After years of searching for a viable kidney for their daughter, Kristel and Craig Storm found a match far closer to home than they had expected.
Craig, whose kidney was previously deemed incompatible due to antigens his daughter Leah produced in response to vaccines, was finally able to donate to Leah on July 23. The procedure took six hours in total, with Leah at Boston Children’s Hospital with her mother and grandfather, and Craig next door Brigham and Women’s Hospital with his mother-in-law.
The couple said this week that Leah is recovering more quickly than her father and is already dancing, singing and playing, like three-and-a-half-year-olds do. Her family hopes that this will be the end of 12-hour dialysis sessions via a peritoneal port in her stomach.
“It feels pretty amazing,” said Craig of his opportunity to give a most precious gift to his own child. “I felt from the very beginning that this was always meant to be. I always felt like, I know it sounds corny, but I felt like my kidney was Leah’s from the beginning. I was just taking care of it until she was big enough to take it. I’m feeling good and she’s feeling good. She conquered another surgery with no problem and we couldn’t be more blessed with that.”
This February, Leah was scheduled to receive a kidney, which would be obtained in a swap for her father’s kidney, from a good Samaritan in Boston. However, it was found at the beginning of this year that this kidney would not be a match.
Leah, who will be turning four on Nov. 5, far surpassed the expectations of Vassar Brothers Medical Center staff; doctors were alarmed by the baby’s condition when she was born by emergency c-section in 2015, and gave her a short life prognosis. She was then diagnosed at Albany Medical Center with congenital heart disease, end-stage renal failure, a missing left ear and an absence of genitals.
“We still don’t have a name to her syndrome, if she even has a syndrome,” said Kristel. “We’ve done genetic testing and nothing has come back and no one knows. It is frustrating for family planning.”
From that initial prognosis until now, Leah’s quality of life has steadily improved. Since her birth, fundraisers were conducted to cover initial hospital bills a year after her birth, to help pay for an ultimately successful open-heart surgery and another procedure when three inches of her small intestine needed to be removed after they were strangled by a hernia in 2017.
Besides the marvels of modern medicine, Leah’s survival thus far is owed to her tenacious parents and an outpouring of support from the Saugerties community. Thanks to local fundraising efforts, including money raised at a Centerville Fire Department fundraiser, another at Krause’s Chocolate and a $16,000 check from Sawyer Motors, the Storm family was able to afford a hotel room in the vicinity of Boston Children’s Hospital, where the procedure was performed. Because Leah developed sepsis after the procedure, she will need to stay in the hospital until next week, and remain in the Boston area for an additional two weeks in case complications arise.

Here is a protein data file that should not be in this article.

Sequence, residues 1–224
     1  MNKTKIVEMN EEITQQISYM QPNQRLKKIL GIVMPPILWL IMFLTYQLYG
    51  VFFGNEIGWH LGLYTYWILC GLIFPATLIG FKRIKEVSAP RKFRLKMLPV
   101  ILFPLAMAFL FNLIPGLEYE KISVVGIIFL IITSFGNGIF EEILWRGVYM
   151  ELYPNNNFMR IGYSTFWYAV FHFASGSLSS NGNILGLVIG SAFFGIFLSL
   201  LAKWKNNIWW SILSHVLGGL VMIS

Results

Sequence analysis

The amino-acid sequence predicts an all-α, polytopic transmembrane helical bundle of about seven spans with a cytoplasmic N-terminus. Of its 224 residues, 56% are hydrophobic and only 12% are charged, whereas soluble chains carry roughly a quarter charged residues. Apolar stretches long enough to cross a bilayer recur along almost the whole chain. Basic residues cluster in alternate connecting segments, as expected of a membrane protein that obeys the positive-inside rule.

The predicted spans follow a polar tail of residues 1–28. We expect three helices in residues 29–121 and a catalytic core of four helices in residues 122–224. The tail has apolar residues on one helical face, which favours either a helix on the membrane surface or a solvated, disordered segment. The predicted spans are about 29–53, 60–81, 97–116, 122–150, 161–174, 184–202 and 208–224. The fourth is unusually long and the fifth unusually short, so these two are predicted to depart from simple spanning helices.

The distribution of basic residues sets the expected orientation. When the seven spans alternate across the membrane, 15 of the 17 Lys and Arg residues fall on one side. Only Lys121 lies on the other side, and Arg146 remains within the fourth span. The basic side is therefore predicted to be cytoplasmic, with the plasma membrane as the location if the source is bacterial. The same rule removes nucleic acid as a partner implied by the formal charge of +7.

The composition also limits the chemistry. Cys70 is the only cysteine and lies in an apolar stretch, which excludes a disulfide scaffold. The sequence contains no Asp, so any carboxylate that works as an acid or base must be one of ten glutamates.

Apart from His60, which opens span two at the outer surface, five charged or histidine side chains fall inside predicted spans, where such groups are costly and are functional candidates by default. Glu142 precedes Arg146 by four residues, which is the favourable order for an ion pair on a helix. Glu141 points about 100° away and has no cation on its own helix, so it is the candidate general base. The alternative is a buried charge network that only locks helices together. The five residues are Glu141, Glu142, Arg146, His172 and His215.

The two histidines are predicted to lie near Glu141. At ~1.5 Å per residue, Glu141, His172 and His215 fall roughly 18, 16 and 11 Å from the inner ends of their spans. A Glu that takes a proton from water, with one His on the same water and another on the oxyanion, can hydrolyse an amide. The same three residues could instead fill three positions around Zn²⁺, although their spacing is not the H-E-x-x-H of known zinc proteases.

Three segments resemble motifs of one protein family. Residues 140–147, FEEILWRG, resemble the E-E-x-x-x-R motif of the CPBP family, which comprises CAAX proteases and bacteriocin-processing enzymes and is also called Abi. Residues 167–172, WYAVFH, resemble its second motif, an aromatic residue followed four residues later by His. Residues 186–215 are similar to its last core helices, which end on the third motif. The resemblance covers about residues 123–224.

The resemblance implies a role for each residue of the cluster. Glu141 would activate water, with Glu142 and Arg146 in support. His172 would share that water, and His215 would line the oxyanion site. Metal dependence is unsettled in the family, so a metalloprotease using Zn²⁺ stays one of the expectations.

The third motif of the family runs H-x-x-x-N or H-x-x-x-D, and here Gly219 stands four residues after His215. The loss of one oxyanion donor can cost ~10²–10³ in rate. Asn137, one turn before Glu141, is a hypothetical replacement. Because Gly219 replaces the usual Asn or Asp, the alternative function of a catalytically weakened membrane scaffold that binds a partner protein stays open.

“We’re hoping she will start kindergarten next year,” said Kristel. “Hopefully next year will be her one-year mark [with her new kidney] and she’ll be healthy enough to start school. Those are our dreams, those are our goals for her.”
Kristel and Craig Storm, high-school sweethearts who graduated from Saugerties High in 2008 and 2006 respectively and got married in 2013. Leah’s round-the-clock care has precluded her mother from continuing her old job as the team leader at Target; likewise, Craig is on medical leave from his job at Krause’s Chocolate, so money raised for the family also contributes to their day-to-day needs.
Currently, Leah receives at-home services from the Saugerties School District, including speech therapy and therapy to teach her to eat normally. Currently, because of her renal failure, the three-year-old eats via a nasogastric tube which goes up her nose and down into her stomach.
The family hopes that, after her kidney takes, the child will be able to eat normally. However, since a port in her stomach will hopefully no longer be needed for dialysis, she will have a gastronomy tube installed if she is unable to eat normally. In a year or two, Leah will be scheduled for cosmetic surgeries to replace her missing genitalia.
According to the University of Iowa medical center, a donated kidney lasts around 12 years on average. The longest-lasting transplanted kidney in medical history has filtered toxins in its receiver’s body for 40 years. Leah’s doctors suspect that she will need three to four additional kidney transplants in her lifetime.
“This will always be her hurdle, this is a lifelong disease,” said Kristel. “Just because she got a kidney transplant doesn’t mean there’s a cure, it’s a form of treatment.”